In 2014, I wrote a blog post about baseball Hall of Famer Ted Williams and the famous “heat map” he developed to guide his decisions about which pitches to swing at. In that post, I explained that Ted became the greatest hitter of all time by developing a system to determine which pitches he had a better than average chance of hitting (what I call a “fat pitch”). He studied his past at bats and his swing style, and then used the data to craft a strategy he followed religiously when he was at the plate.
That first post focused on how to identify your company’s “fat pitch.” Part two is about the lessons we can learn from Ted’s discipline at the plate.
Ted’s heat map is not enough to explain why he became the greatest hitter of all time. There are two very critical elements to his success. First, he had a really clear strategy which he defined by his “heat map.” Second, he exercised an incredible level of discipline in only swinging at those pitches where he had the best chance for a hit. His strategy would have been worthless if he did not apply strict discipline in following it.
The same holds true for most businesses I work with. The most successful companies have developed a crystal clear strategy on what markets, customers, products, and opportunities they will chase. They exercise the discipline to say NO to opportunities that don’t fit their strategy.
Truly, swinging at every pitch that comes along is a recipe for disaster in a business. Yet, so many of us get nervous about the idea of walking away from an opportunity, even when we intuitively know it’s not the right fit for the business. The reason saying no is so hard is that most owners/entrepreneurs are possibility thinkers. Their nature is to be opportunistic; they see the glass as half full most of the time. So they look for the reasons to chase opportunities rather than not and fear missing out on a good opportunity. While these are great attributes, trying to be “all things to all people” can destroy a business’s performance. An unfocused approach usually leads to lower profits and higher costs as activity increases without corresponding margins.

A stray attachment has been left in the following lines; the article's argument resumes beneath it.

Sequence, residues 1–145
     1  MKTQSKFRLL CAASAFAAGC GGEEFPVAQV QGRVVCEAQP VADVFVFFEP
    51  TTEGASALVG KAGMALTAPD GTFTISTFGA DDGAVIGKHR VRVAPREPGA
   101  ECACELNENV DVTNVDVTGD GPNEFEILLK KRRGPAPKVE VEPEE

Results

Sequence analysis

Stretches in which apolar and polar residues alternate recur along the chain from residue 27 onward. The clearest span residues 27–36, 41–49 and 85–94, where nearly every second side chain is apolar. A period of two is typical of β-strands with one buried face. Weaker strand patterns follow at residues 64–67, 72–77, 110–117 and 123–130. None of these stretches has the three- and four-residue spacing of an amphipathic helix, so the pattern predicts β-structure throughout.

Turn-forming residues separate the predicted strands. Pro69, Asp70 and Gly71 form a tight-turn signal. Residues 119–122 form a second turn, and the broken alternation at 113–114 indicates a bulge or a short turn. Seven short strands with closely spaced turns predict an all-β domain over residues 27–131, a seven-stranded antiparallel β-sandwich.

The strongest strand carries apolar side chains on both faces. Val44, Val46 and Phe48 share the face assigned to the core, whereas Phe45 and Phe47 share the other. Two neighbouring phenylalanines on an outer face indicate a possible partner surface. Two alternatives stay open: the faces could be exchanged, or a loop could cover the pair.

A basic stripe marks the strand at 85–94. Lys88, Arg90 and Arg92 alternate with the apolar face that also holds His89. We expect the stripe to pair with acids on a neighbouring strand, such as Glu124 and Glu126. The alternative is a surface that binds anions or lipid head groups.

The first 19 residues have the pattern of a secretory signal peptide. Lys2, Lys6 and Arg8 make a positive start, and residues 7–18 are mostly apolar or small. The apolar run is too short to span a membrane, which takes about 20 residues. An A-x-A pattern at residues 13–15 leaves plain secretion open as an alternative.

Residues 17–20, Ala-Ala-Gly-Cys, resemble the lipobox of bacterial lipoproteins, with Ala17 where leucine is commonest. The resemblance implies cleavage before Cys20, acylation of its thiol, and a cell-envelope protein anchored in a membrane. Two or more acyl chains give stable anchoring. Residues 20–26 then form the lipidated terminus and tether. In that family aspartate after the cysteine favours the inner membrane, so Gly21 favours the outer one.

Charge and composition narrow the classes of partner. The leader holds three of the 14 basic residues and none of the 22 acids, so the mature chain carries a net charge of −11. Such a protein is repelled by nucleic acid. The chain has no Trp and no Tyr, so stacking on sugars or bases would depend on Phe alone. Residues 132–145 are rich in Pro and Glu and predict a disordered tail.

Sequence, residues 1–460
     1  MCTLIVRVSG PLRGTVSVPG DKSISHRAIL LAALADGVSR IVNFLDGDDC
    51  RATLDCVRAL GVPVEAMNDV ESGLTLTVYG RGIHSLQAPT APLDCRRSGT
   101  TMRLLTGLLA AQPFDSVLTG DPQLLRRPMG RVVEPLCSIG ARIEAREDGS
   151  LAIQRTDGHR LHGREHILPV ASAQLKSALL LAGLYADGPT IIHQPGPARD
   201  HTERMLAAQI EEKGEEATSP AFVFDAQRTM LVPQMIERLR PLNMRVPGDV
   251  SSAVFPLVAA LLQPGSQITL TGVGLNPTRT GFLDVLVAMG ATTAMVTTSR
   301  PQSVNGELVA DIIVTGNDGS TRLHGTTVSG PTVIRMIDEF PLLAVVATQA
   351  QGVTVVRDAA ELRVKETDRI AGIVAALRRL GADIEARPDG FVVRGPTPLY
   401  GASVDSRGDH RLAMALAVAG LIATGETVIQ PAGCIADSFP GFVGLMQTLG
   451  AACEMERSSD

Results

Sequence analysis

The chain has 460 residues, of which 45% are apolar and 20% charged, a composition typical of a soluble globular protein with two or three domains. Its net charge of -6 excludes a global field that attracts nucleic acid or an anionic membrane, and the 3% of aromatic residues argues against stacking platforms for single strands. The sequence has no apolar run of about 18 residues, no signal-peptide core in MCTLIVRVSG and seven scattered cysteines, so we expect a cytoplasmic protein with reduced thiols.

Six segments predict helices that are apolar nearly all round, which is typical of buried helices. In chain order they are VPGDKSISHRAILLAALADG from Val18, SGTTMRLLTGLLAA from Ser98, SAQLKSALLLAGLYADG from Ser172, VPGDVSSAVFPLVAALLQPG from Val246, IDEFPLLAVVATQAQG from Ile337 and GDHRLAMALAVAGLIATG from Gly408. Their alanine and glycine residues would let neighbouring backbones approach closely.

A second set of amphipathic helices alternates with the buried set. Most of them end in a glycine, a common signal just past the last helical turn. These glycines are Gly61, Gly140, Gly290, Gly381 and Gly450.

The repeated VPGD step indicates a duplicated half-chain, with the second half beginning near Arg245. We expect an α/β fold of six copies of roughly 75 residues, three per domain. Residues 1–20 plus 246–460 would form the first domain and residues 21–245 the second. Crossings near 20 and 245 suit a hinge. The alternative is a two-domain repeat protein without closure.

The companies I work with that have the discipline to say no generally have two common characteristics: the tone is set at the top by the CEO and they have incentives in place that reward the right behaviors.
First, all eyes in a company are on the CEO. If your company’s leadership is focused only on sales at all costs as opposed to the “right” sales, or volume instead of margins, then you can expect the rest of the team to follow your lead. If the CEO does not exercise discipline, how can you expect the employees to do so?
Second, a company’s incentive system can either reinforce or detract from a disciplined strategy. Employees generally act out of self-interest; it’s human nature. They respond to incentives, so it may not be a bad idea to reevaluate your incentive programs to make sure they are consistent with your strategy and are prompting the right behaviors.
The discipline to say no to opportunities is hard to develop, but it’s well worth it. Ted was able to force that discipline on himself and he became the greatest hitter of all time. How are you going to increase your company’s batting average?
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